Is pre-implantation genetic screening right for you?

When Alexis Sturgeon’s brother was 15 years old, he started having flu-like symptoms, vomiting, and problems thinking clearly. He was eventually diagnosed with a life-threatening condition known as ornithine transcarbamylase deficiency (OTC).

OTC is a genetic disorder that causes ammonia to build up in the blood and then travel to the central nervous system. It can cause neurological damage and even be fatal. Because there’s no cure, Alexis’s brother takes several medications just to stay alive.

Through genetic testing, Alexis discovered that she, with her mother and two out of her three sisters were all carriers of the disorder. If Alexis had a child, there was a 50 percent chance that her baby would have the condition. Still in college, Alexis was devastated and worried if she would ever have a healthy baby one day.

After learning about her options, she decided that, when she was ready to have children, she would opt for pre-implantation genetic diagnosis (PGD), a procedure that screens embryos created through IVF for genetic abnormalities.

“After I found out I was a carrier, I already knew the path that I wanted to take to be able to have children,” she said. “I didn’t want my future children to have to worry about it at all.”
Now married and hoping to start a family, Alexis underwent PGD in 2012, but the pregnancy didn’t take. She tried again and found out she was pregnant the day after Christmas. In August 2013, Alexis delivered a healthy baby girl.

What is pre-implantation genetic diagnosis?
“The addition of IVF to genetics is tremendously powerful and synergistic,” said Dr. Brian Kaplan, a fertility specialist at the Fertility Centers of Illinois. According to Kaplan, PGD allows doctors to take an individualized approach to medicine.

PGD technology was developed in the 1990s, but only recently has it started to become more popular and a more viable option for couples who want to ensure their baby won’t inherit serious, even fatal, genetic conditions like Tay-Sachs, Cystic Fibrosis, and Spinal Muscular Atrophy (SMA) and genetic mutations like the BRACA gene, known to cause breast cancer. For couples who are both carriers of an autosomal recessive gene, their baby has a 1 in 4 chance of inheriting that genetic disorder.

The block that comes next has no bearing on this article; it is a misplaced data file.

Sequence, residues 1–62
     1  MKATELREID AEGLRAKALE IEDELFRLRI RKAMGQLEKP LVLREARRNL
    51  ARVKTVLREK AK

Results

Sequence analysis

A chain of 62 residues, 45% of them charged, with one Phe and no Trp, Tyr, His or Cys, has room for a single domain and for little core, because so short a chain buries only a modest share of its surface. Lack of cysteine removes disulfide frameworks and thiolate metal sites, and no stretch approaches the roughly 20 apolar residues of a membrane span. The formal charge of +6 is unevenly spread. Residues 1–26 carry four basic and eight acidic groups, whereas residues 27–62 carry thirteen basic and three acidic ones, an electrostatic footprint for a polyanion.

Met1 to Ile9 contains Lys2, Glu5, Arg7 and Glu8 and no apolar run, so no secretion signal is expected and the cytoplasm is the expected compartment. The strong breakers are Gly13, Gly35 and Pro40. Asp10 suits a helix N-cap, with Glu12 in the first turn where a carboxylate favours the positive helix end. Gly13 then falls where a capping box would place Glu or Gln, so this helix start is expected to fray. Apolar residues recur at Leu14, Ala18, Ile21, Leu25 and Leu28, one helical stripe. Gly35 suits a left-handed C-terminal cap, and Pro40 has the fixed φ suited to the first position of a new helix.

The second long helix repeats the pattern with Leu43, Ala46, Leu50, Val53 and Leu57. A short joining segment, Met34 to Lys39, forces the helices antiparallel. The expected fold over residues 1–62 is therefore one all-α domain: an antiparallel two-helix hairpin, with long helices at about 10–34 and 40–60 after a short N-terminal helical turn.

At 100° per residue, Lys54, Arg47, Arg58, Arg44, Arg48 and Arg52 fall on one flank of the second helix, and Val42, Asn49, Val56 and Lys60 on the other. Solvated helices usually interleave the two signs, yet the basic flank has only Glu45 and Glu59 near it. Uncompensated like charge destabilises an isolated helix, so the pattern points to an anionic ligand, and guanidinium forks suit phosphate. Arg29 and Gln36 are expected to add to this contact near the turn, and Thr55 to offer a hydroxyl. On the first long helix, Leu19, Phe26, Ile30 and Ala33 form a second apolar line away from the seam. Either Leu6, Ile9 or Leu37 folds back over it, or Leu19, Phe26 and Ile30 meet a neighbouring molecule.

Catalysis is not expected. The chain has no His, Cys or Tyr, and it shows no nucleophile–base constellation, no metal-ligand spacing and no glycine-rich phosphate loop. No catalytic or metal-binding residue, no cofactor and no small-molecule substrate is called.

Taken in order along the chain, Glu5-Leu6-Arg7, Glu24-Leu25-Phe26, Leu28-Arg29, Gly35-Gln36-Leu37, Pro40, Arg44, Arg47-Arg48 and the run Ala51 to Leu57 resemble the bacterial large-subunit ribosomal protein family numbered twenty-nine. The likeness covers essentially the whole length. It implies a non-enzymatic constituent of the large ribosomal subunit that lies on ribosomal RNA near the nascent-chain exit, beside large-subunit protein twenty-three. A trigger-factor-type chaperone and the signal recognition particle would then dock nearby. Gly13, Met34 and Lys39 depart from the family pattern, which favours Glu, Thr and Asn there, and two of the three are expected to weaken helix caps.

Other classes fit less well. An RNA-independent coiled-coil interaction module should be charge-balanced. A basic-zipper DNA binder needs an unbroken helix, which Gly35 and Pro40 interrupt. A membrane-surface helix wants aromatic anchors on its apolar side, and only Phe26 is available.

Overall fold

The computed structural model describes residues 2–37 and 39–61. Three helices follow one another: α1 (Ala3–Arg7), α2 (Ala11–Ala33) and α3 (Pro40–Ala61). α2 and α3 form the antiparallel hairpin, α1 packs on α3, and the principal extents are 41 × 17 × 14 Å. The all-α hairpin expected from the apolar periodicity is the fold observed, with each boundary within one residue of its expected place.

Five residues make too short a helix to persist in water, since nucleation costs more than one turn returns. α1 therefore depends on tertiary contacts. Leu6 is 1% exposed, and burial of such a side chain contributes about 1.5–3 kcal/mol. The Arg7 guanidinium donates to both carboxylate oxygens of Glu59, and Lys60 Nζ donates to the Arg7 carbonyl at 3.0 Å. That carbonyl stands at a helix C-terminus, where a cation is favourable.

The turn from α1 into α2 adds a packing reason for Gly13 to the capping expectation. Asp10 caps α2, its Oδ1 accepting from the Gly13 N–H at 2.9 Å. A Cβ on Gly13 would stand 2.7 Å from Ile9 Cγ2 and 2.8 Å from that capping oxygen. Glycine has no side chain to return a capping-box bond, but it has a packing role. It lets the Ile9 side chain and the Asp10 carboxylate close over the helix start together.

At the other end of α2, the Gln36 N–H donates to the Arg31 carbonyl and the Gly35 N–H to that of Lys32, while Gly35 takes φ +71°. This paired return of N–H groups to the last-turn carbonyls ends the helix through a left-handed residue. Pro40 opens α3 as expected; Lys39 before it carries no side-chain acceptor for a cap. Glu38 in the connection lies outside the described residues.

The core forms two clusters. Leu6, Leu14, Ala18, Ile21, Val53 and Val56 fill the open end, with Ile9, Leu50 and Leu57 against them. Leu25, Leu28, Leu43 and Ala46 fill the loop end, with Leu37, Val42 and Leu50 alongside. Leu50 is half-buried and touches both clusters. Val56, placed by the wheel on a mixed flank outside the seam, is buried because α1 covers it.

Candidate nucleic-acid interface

According to the Society for Assisted Reproductive Technology, 5 percent of the more than 165,000 infertility cycles used PGD in 2012.

PGD also eliminates the need for a mother to undergo chorionic villus sampling (CVS) or amniocentesis— or having to decide to terminate a pregnancy.

“It gives patients the option of making this decision long before pregnancy,” Kaplan said.

Couples who undergo PGD can also opt for pre-implantation genetic screening (PGS), which screens embryos for chromosomal abnormalities that either don’t result in a pregnancy, cause disorders like Down Syndrome, or cause a miscarriage.

“We know that a large percentage of human embryos are actually abnormal,” Kaplan said. For women under age 35, half of their embryos will have a chromosomal abnormalities.

For couples who have had multiple miscarriages, PGS may be able to help them have a healthy pregnancy, depending on what’s causing the miscarriage. If a normal embryo is implanted, it’s more likely that it will result in a healthy pregnancy.

“The chances of having a healthy baby are so much higher,” Kaplan said.

What you should know
The first thing to consider when deciding on PGD or PGS is that IVF isn’t always a sure thing. For women between the ages of 35 and 37, 31 percent of IVF cycles will result in a live delivery.

“IVF doesn’t work every time in anybody, even if you’re 22 years old,” Kaplan said.
According to Dr. Jamie Grifo, program director of the New York University Fertility Center, a woman’s age and her ovarian reserve are also key factors when looking at outcomes. For a single chromosomally normal embryo, there’s a 55 percent baby rate.

And for couples struggling with infertility, “We’re going to be doing this on everybody eventually,” Grifo said. “It’s going to be the standard.”

The technology can also help to reduce the number of ectopic pregnancies, miscarriages, multiple pregnancies and preterm delivery. According to a study Grifo conducted that was published in the Journal of Assisted Reproduction and Genetics, PGD and PGS increased the pregnancy rate, reduced the rate of miscarriage, Down Syndrome and multiple births. These pregnancies are also healthier and babies are more likely to deliver larger and at full term.

Although PGD and PDS are very effective at ensuring the embryo will not be affected, there’s always a small chance, which is why Sturgeon was advised to have her daughter undergo genetic testing to be sure.

These procedures are also pricey, costing upwards of $6,000, not including the cost of IVF. Insurance may cover PGD, but not PGS.

PGD and PGS are not without controversy, as some people object to it for ethical, moral or religious religions. Yet ultimately, it’s up to the parents to decide what is right for them.

“Our job in the medical world is to give patients choices,” Grifo said. “If they’re comfortable with the technology, it will give them a better quality of life and prevent disease from occurring.”